Eritrean city now UNESCO heritage
A lot has marked the world of travel and tourism this year. President Donald trump Travel ban particularly made headlines. Four African countries were affected: Libya, Sudan, Somalia and Chad.
Sudan’s ban was lifted then Chad was added to the list. This move steered mixed reactions on the continent. Well, it’s not all gloom and doom, quite a number of positive things happened in Africa.
One of them is the Eritrean city, the first to be classed as a UNESCO heritage site.
The city in question is Asmara, the capital of Eritrea, the country has long been associated with repression but in July this year it acquired a more positive image by becoming the world’s first modernist city designated in its entirety as a Unesco World Heritage site.
The Eritrean city of 800,000 people became an artistic playground in the 1930s for Italian futurists who were able to play out their architectural fantasies in the Italian colony in the Horn of Africa.
Senegal’s new airport
Senegal opened the new Blaise Diagne International Airport officially on December 7 – the event was presided over by President Macky Sall
Construction of the airport started in 2007. that means it took a decade to complete the project.
The cost of the project is put at $600m. It was started by a Saudi firm but later completed by a Turkish company after a dispute with the Saudis.
It is located in the town of Diass, some 29 miles from the Senegalese capital of Dakar. It has a capacity for three million passengers per year as compared to the current travel traffic of 1.9 million passengers per annum.
The Blaise Diagne International Airport is named after the first African to be elected a lawmaker in France, as far back as 1914.
The ease of travelling around Africa
Within the past one year , there have been some positive changes in travel as one third of African countries loosened their visa policies. 13 countries now offer electronic visas, up from 9 last year.
Ghana made the most progress: In 2016 the government announced that it would provide visas on arrival for citizens of every AU member state, while offering entirely visa-free travel to 17 African countries, including the 14 other members of the Economic Community of West African States ECOWAS.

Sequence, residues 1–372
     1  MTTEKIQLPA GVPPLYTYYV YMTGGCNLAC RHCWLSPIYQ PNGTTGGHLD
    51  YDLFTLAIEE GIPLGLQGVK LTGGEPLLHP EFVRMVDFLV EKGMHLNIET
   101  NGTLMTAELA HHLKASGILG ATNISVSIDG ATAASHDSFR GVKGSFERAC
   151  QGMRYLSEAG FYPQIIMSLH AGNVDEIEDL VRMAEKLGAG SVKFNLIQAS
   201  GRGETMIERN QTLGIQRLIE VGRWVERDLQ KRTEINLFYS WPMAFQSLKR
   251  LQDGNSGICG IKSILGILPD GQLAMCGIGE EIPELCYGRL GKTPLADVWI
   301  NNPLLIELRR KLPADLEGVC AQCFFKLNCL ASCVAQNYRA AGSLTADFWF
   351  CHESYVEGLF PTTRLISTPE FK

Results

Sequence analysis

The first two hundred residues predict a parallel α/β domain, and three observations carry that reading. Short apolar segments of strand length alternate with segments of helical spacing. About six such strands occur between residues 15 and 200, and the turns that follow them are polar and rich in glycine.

The top ten of the countries leading in visa openness are Seychelles , Uganda, Togo , Guinea Bissau, Cape Verde, Ghana, Mauritania, Mozambique, Mauritius and Rwanda. According to the AFDB index on visa openness, the least open countries in Africa are Cameroon,South ,Sudan,Gabon,Ethiopia,Eritrea,Sudan,Angola,Libya,Equatorial Guinea, and Western Sahara. With Western Sahara and Equatorial Guinea proving to be the most difficult, requiring visas from all member countries on the continent.
Kenya is king of domestic air travel
Kenya’s capital Nairobi was named king of domestic air travel in Africa. Travel data company Forward Keys revealed that Nairobi’s domestic air travel has recorded some significant growth this year.
It reported that Nairobi is the only major African city where domestic air travel is outpacing international traffic as long-haul international flights to Nairobi grew by 8%.
The growth in Kenya’s domestic air travel has been facilitated by a number of factors, like the improvement of the Jomo Kenyatta International Airport.
After a fire gutted the international arrivals terminal in 2013, a multimillion dollar expansion plan was set in place expected to boost its capacity threefold from 2.5 million to 7.5 million passengers annually.
Testing ‘fastest train in Africa
Morocco earlier tested Africa’s first high-speed railway with trains reaching 320 kilometres per hour that’s about 200 miles stretch. Morocco’s TGV, which gets its name from the French abbreviation for high-speed trains, is set to enter service in mid 2018.
One train reached 275 kilometers per hour on Monday along a track between the northern cities of Kenitra and Tangiers.